Kim Stanley Robinson: It’s a good question. I came late to my awareness of the Indigenous Sierra dwellers, really. In the early 2000s I saw the pictographs at Hospital Rock and was amazed. Then we came upon an obsidian knapping site near Mather Pass that was so extensive that it had to have been used for centuries or even thousands of years. Just a year or two before, a state archeologist we ran into up there told us that all obsidian found in the High Sierra has been carried there by humans—there is no endemic obsidian up there. So when you see it, you know. And he told us of the ancient summer village site near Taboose Pass, which we visited with the intention of seeing what we could find of the remnants of this inhabitation. There was obsidian all over the place, and some cleared knolls that looked like tipi ring sites in the Rockies. It was a very moving experience.
For texts, there is The Sierra Nevada Before History by Louise A. Jackson, and The Natural World of the California Indians, by Robert F. Heizer and Albert B. Elasser, and a number of pamphlets by the Sequoia Natural History Society. I imagine the Paiute people in Bishop, California could tell us much more, but I am still looking forward to that meeting myself.
Caroline Hinchliff: While my partner David and I were researching my guidebook, we spent a lot of time exploring the eateries in the Owens Valley (tough job, I know, but somebody’s got to do it). When you emerge from the heights of Horseshoe Meadow or Onion Valley and descend into civilization, where do you satisfy your hiker hunger?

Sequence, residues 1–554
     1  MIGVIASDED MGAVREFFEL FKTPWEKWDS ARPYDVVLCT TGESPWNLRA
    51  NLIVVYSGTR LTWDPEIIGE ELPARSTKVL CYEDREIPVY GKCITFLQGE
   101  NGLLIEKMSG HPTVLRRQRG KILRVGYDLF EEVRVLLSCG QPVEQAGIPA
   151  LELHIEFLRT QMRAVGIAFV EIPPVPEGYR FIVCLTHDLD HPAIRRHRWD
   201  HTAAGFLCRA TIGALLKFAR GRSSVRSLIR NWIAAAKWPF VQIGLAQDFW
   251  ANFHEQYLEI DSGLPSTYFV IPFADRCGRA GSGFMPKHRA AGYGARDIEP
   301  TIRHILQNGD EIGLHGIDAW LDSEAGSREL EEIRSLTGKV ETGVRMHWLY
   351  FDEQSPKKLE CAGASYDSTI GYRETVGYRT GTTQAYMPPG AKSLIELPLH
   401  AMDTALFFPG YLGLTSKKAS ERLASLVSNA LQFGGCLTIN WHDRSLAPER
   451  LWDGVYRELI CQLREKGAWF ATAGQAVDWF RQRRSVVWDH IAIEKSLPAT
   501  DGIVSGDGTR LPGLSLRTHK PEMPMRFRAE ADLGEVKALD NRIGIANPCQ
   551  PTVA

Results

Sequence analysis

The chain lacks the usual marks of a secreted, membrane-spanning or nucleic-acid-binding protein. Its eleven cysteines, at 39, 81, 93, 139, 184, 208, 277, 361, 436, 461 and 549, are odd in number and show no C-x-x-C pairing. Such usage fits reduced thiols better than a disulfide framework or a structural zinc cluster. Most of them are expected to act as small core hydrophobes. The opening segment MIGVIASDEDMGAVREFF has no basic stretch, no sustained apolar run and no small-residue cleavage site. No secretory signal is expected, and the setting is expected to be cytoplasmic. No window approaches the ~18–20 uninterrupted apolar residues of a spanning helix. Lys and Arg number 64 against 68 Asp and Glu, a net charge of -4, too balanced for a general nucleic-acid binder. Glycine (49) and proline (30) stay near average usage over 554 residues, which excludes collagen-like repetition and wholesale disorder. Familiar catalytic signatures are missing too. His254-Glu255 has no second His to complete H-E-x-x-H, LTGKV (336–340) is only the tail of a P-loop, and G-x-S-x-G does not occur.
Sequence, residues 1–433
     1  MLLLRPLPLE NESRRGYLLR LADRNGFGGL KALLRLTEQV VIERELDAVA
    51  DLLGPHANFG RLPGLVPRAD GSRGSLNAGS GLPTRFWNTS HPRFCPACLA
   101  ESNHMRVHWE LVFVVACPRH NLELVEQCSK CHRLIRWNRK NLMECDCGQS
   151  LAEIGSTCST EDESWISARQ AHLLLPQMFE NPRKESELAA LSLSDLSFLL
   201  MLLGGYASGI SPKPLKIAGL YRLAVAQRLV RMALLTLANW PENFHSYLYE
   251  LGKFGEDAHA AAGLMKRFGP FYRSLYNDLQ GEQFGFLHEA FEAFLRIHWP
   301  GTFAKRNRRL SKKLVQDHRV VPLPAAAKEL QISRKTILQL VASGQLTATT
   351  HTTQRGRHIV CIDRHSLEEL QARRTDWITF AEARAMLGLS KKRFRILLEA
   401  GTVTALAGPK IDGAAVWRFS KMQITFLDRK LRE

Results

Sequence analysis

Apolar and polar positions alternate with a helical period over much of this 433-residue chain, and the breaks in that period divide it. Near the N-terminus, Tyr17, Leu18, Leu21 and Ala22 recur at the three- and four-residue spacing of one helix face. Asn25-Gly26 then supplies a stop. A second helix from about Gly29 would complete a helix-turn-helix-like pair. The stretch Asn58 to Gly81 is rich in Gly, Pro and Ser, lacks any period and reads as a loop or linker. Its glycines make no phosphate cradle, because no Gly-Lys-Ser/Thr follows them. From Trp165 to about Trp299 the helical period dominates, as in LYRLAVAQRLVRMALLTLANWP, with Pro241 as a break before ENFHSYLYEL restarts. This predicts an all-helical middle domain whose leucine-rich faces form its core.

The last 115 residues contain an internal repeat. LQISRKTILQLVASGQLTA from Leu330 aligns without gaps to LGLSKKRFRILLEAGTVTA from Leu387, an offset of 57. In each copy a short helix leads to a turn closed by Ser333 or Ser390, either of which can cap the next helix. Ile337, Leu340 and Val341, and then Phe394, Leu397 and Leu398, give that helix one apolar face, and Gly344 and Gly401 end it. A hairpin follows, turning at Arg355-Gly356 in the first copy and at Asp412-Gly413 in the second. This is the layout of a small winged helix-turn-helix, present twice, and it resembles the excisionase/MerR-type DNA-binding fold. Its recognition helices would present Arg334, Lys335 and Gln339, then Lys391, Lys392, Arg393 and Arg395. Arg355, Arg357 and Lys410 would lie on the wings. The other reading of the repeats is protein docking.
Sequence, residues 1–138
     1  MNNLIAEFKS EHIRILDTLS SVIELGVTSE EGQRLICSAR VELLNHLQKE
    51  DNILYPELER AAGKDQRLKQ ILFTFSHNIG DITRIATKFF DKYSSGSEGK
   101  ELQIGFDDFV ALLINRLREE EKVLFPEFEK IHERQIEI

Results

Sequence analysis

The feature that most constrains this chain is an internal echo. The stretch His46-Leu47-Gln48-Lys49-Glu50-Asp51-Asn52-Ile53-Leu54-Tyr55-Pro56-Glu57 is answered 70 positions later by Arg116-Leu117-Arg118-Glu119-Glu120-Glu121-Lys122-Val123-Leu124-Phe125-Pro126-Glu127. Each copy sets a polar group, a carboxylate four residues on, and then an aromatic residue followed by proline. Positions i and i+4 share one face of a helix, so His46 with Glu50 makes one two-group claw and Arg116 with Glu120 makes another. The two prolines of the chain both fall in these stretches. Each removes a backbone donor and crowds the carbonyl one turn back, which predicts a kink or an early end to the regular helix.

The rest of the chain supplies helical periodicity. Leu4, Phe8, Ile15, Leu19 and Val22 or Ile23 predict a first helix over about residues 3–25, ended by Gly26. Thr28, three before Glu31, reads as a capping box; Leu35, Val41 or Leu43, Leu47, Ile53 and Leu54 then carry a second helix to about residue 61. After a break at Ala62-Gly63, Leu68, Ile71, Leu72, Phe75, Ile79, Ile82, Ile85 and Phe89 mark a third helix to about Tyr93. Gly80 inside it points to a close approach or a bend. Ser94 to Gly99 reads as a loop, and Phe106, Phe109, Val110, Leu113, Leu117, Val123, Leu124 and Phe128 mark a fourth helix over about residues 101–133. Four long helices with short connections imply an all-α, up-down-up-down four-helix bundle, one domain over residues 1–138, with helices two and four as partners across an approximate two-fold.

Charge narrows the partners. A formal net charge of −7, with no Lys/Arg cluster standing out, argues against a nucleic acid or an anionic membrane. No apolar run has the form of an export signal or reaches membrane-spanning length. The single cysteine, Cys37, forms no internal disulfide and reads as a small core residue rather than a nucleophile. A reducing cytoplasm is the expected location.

Kim Stanley Robinson: We would go to the Lone Pine Café if down south, or Schatt’s Bakery if coming into Bishop, or Mono Cone in Lee Vining, stopping briefly on our drives home. Truthfully, our knowledge of Owens Valley has been sketchy; we were always racing in or out, but now one of us has a home just above Lone Pine, and we’ve stayed a few days in Lee Vining, so we know a little more. But not much.
Caroline Hinchliff: During my thru-hike, many of us felt the terrain north of Tahoe was a bit boring. It simply couldn’t compare to the drama, beauty, and austerity of the High Sierra. We referred to this effect as the “post-Sierra slump.” But upon returning a few years later to research my PCT guide, I was enchanted and delighted by the softer, more subtle beauty of the Lost Sierra. Do you find yourself amongst these more northern ridges very often? Any favorite hikes or peaks?
Kim Stanley Robinson: No, hardly at all. I’ve visited Lassen National Park once. I also have spent a lot of time in Desolation Wilderness, southwest of Tahoe. That’s about it for me; I have focused pretty intently on the southern Sierra.